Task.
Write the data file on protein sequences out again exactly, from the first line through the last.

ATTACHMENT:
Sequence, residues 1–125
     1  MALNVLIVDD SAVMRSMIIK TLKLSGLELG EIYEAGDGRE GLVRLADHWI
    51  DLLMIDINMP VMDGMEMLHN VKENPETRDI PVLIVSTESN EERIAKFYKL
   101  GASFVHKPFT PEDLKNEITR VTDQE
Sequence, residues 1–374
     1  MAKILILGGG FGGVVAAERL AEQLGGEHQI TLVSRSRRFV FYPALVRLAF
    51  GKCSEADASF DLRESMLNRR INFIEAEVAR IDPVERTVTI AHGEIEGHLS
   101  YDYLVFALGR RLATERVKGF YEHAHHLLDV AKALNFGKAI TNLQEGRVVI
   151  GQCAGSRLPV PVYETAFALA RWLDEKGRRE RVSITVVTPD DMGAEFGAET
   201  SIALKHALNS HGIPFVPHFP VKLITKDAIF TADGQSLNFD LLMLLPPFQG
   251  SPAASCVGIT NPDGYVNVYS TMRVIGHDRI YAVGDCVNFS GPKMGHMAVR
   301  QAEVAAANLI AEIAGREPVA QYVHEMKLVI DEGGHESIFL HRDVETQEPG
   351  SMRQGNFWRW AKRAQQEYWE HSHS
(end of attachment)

Sequence, residues 1–125
     1  MALNVLIVDD SAVMRSMIIK TLKLSGLELG EIYEAGDGRE GLVRLADHWI
    51  DLLMIDINMP VMDGMEMLHN VKENPETRDI PVLIVSTESN EERIAKFYKL
   101  GASFVHKPFT PEDLKNEITR VTDQE
Sequence, residues 1–374
     1  MAKILILGGG FGGVVAAERL AEQLGGEHQI TLVSRSRRFV FYPALVRLAF
    51  GKCSEADASF DLRESMLNRR INFIEAEVAR IDPVERTVTI AHGEIEGHLS
   101  YDYLVFALGR RLATERVKGF YEHAHHLLDV AKALNFGKAI TNLQEGRVVI
   151  GQCAGSRLPV PVYETAFALA RWLDEKGRRE RVSITVVTPD DMGAEFGAET
   201  SIALKHALNS HGIPFVPHFP VKLITKDAIF TADGQSLNFD LLMLLPPFQG
   251  SPAASCVGIT NPDGYVNVYS TMRVIGHDRI YAVGDCVNFS GPKMGHMAVR
   301  QAEVAAANLI AEIAGREPVA QYVHEMKLVI DEGGHESIFL HRDVETQEPG
   351  SMRQGNFWRW AKRAQQEYWE HSHS